Professor Wm. Roger Louis, director of the Center, will present “The European Colonial Empires in Asia and Africa” at 4:00 p.m. on Monday, July 12, in Room 119 of the Thomas Jefferson Building, 101 Independence Ave. S.E., Washington, D.C. This lecture is in conjunction with the National History Center’s Fifth International Seminar on Decolonization, and sponsored by the John W. Kluge Center of the Library of Congress.
The event is free and open to the public. No tickets or reservations are needed.
In his lecture, Louis will survey the differences and similarities in the European colonial empires from the nineteenth century to the post-World War II era. By 1914, European sway encompassed some 85 percent of the world’s surface. The British Empire alone extended over one-fourth of the globe and over one-fourth of its population. In their political and religious cultures, and in their social and economic organization, there were profound contrasts among the Portuguese, Spanish, Dutch, French, German, Italian and British colonial systems. The legacy of empire in different regions and local areas endures to the present.
Wm. Roger Louis, current holder of the Chair in the Countries and Cultures of the North at the Library of Congress and Honorary Fellow of St. Antony’s College, Oxford (UK), is a past President of the American Historical Association (AHA). He is also the Kerr Professor of English History and Culture at the University of Texas in Austin.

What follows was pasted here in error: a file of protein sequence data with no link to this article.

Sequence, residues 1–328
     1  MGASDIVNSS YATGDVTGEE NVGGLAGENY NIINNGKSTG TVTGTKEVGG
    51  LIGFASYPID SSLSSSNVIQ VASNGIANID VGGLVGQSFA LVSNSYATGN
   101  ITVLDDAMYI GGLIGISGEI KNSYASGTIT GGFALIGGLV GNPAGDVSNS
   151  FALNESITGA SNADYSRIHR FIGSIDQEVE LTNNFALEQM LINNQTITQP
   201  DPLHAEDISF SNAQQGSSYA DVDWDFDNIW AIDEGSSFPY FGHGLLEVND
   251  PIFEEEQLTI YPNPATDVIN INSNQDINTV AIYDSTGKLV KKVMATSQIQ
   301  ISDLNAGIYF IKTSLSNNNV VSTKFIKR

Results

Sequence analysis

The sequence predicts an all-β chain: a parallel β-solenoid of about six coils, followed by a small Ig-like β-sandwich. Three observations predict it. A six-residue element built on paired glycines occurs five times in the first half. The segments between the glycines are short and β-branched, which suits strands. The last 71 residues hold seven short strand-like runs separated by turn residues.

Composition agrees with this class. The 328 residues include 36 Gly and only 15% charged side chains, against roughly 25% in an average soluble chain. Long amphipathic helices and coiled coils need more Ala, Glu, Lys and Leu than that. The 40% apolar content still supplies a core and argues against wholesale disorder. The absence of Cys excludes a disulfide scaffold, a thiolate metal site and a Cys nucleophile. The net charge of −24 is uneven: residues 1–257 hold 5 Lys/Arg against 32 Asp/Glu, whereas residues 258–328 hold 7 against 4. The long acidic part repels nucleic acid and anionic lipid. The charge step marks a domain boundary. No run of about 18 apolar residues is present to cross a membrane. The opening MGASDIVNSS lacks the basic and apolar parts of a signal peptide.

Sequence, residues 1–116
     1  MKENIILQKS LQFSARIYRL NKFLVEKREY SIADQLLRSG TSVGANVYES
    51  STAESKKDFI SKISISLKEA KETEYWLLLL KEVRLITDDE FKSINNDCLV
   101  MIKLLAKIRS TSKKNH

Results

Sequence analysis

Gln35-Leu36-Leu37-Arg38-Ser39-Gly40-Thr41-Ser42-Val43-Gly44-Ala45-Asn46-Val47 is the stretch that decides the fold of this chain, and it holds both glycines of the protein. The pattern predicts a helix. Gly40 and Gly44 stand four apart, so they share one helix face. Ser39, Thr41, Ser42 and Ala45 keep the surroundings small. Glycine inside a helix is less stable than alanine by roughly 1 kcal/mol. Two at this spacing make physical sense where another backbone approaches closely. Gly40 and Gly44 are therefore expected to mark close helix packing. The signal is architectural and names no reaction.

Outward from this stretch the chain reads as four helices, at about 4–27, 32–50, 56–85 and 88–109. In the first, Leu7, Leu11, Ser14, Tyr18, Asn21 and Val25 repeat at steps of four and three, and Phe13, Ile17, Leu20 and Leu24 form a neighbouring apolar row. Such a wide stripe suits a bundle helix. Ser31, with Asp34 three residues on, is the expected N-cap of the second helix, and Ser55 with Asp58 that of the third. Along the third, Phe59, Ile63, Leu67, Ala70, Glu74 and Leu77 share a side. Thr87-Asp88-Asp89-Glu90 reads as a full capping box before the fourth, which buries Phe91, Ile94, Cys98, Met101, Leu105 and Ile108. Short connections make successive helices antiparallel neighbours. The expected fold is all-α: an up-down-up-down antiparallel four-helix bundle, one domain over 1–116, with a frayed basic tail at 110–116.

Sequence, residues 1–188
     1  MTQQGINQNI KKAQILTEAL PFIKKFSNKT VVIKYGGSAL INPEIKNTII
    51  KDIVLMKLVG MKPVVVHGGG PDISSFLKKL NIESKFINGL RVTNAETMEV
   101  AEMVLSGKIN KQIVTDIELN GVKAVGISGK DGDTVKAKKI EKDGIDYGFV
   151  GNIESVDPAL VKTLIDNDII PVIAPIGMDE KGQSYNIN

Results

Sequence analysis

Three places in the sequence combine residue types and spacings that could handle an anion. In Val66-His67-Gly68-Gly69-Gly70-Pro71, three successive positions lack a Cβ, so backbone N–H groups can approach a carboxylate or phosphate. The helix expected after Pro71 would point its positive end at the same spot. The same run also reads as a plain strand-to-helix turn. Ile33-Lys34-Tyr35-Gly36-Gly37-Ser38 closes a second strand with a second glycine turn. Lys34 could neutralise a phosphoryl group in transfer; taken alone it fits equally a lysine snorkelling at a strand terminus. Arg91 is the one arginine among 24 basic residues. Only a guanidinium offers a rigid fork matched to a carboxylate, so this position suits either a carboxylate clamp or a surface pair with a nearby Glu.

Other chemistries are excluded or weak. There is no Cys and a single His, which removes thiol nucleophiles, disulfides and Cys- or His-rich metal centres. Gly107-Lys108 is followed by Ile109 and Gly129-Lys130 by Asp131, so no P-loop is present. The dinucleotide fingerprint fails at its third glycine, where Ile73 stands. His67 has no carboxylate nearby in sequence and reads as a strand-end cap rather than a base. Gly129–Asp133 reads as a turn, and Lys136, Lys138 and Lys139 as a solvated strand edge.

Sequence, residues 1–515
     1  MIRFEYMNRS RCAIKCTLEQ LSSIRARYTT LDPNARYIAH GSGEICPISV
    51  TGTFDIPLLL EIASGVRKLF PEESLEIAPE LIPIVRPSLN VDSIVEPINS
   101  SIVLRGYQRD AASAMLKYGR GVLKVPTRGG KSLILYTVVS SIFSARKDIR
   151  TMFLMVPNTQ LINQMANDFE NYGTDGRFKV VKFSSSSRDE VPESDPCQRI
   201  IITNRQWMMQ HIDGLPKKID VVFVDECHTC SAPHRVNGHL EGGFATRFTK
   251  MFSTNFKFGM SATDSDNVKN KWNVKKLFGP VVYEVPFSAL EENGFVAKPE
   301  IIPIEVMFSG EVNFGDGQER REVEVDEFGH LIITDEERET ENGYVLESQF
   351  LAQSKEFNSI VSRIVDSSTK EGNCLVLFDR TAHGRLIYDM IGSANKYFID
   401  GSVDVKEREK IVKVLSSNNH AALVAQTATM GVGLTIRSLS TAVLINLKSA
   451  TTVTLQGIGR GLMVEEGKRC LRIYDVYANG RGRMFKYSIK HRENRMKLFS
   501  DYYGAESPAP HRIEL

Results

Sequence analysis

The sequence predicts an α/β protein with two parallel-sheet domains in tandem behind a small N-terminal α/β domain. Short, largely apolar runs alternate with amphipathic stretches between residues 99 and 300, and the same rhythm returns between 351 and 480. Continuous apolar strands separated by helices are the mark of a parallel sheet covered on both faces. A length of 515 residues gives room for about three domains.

His books include Imperialism at Bay and The British Empire in the Middle East. He is the Editor-in-Chief of the Oxford History of the British Empire. He served on the Historical Advisory Committee of the US Department of State from 2001 until 2008.
There will be two additional lectures held during the seminar that will feature Jason Parker (Texas A&M University) and Daniel Branch (University of Warwick, England). Those lectures are scheduled for July 21st and July 28th, respectively. Both speakers are alumni of the decolonization seminar. More information on these lecture is forthcoming.